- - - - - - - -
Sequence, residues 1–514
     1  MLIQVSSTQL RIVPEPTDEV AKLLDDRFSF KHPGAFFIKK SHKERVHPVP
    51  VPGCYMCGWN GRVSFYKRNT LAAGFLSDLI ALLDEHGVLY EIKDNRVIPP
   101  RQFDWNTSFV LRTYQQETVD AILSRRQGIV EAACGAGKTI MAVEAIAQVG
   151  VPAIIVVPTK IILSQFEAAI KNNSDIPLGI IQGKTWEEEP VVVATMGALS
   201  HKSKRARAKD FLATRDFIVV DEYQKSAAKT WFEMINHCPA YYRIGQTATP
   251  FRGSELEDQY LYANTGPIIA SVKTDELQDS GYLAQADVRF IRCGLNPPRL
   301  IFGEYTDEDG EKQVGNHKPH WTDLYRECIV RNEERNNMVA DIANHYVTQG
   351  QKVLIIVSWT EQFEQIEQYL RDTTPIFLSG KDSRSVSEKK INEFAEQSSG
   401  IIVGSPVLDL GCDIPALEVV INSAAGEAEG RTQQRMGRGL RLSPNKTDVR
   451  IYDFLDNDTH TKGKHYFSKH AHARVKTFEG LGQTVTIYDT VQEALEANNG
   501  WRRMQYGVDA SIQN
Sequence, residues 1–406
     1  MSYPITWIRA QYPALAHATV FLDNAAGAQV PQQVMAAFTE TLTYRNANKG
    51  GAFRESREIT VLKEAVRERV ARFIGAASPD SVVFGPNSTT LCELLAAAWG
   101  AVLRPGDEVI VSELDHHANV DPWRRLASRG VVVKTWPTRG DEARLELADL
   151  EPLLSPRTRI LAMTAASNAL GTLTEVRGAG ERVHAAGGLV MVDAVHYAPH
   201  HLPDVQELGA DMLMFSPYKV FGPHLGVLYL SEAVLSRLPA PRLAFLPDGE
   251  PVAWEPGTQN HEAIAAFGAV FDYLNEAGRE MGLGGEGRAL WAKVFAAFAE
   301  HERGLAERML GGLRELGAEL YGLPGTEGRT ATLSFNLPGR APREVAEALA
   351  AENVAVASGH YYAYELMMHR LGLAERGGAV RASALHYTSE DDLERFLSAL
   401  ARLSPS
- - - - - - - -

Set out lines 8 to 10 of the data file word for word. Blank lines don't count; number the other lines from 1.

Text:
   301  IFGEYTDEDG EKQVGNHKPH WTDLYRECIV RNEERNNMVA DIANHYVTQG
   351  QKVLIIVSWT EQFEQIEQYL RDTTPIFLSG KDSRSVSEKK INEFAEQSSG
   401  IIVGSPVLDL GCDIPALEVV INSAAGEAEG RTQQRMGRGL RLSPNKTDVR